Would we expect a person entering the country intent on doing us harm to answer honestly? Who would we stop and how would Sonia Kruger’s ban be implemented?

Are you a Refugee?

Muslims enter the country as refugees, immigrants, or for education, business or tourism. Refugees and immigrants, historically, add considerably to the economic welfare of our country. Not only have this asylum seeker population NOT generated terrorist incidents but they have created economic wealth in Australia — and not by taking jobs so much as creating them.

The example of Karen refugees making $40 million worth of contributions to the economy in Nhill, Victoria, is a classic case. Spending 1.2 billion a year to keep them in detention, when they could be boosting our economy by millions is non-productive.

So, if it is not refugees that are a threat, then what of the alternative group that fly in on a plane every year? Which industry in Australia are we prepared to damage to allay our fears? Of the 7.78 million visitors to Australia for reasons of holidays, business, employment or education, many originate from Muslim countries.


While Japanese tourism has been decreasing, visitors from other Asian and Muslim countries have been increasing.

In 2015, visitors from Malaysia (with a 61% Muslim population) generated $1.1 billion in total expenditure. Indonesia (with 87% Muslims) generated $0.6 billion and the Middle East (Bahrain, Kuwait, Oman, Qatar, Saudi Arabia and the United Arab Emirates with a combined 82% Muslim population), about $1 billion.

Tourism Queensland has been marketing to Arab travellers for quite some time and would definitely find Queensland’s Pauline Hanson’s call for a ban, detrimental.


Since international students contribute about $20 billion to the Australian economy, preventing Muslims from participating in Australian education would have a significant economic impact. If – like the Australian population – Muslims represent less than 2% of university students, then we might be discussing a $400 million hit to our economy.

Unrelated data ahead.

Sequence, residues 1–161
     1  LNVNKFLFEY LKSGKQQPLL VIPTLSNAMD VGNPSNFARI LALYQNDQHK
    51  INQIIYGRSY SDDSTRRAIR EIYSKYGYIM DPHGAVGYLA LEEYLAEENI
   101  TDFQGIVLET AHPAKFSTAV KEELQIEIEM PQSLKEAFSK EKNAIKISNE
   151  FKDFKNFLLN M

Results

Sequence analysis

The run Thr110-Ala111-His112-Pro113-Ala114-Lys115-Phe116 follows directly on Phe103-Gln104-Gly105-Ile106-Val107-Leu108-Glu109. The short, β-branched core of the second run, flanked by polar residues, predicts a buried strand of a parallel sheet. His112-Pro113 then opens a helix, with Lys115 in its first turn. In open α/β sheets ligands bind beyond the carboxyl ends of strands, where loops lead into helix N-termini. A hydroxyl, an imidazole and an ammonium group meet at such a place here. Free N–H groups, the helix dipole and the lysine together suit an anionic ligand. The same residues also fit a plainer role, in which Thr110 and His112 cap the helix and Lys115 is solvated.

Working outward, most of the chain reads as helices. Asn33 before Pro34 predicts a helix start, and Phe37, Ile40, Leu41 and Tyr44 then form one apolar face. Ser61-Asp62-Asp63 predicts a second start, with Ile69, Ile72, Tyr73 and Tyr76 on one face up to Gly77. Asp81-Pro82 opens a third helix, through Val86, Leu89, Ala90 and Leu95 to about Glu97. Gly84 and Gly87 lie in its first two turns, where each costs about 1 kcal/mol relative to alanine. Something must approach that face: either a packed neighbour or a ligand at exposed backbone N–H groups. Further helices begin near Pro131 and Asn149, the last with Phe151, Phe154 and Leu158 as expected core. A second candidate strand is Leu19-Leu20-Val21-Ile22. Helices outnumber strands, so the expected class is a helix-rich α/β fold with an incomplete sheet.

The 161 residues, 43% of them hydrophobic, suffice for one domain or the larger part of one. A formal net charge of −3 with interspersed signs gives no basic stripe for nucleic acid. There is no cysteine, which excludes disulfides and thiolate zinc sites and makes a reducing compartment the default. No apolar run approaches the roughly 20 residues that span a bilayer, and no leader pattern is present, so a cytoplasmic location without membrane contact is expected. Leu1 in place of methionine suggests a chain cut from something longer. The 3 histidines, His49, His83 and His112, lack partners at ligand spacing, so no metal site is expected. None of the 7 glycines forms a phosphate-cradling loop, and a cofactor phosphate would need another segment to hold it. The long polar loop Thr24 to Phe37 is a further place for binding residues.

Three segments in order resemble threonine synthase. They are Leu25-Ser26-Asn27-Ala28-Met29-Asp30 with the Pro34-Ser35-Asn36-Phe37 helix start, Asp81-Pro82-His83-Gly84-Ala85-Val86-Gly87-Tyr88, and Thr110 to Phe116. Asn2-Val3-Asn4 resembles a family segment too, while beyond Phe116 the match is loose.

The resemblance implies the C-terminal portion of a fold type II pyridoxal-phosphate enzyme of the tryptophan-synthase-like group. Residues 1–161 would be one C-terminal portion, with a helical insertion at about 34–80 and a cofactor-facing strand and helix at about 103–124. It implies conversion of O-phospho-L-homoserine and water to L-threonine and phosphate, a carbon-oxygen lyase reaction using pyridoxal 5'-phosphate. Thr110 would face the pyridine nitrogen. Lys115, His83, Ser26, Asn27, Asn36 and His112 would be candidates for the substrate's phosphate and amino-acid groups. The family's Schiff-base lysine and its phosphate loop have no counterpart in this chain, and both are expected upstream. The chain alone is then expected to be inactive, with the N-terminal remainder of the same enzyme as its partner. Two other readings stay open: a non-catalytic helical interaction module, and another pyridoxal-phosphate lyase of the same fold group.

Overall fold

Then there are the business and 457 visas, which facilitate Muslims entering the country for employment or trade. Trade for goods, services and technology with the Middle East and North Africa (MENA) is a $16 billion industry.

The economic rationalisation?

The question we need to ask is how much of the billions of dollars in tourism, education and business markets are we prepared to sacrifice or adversely affect? All this in the name of a hypothetical possibility we haven’t seen actualised in 38 years? If we’d only stopped sabotaging funding for mental health programs perhaps we’d have less murderous events we like to inappropriately call “terrorism”.

To what extent will we lock out the Muslim world from Australia because of this disproportionate fear?

I thought true conservatives sought to be prosperous, measure real risk rationally and be economically responsible? The call for banning Muslims is an economically irrational and highly expensive path based on an obscure risk with negligible statistical occurrences. Will the Coalition Government ignore it?

You can follow John Haly on Twitter @halyucinations or on his blog at auswakeup.info.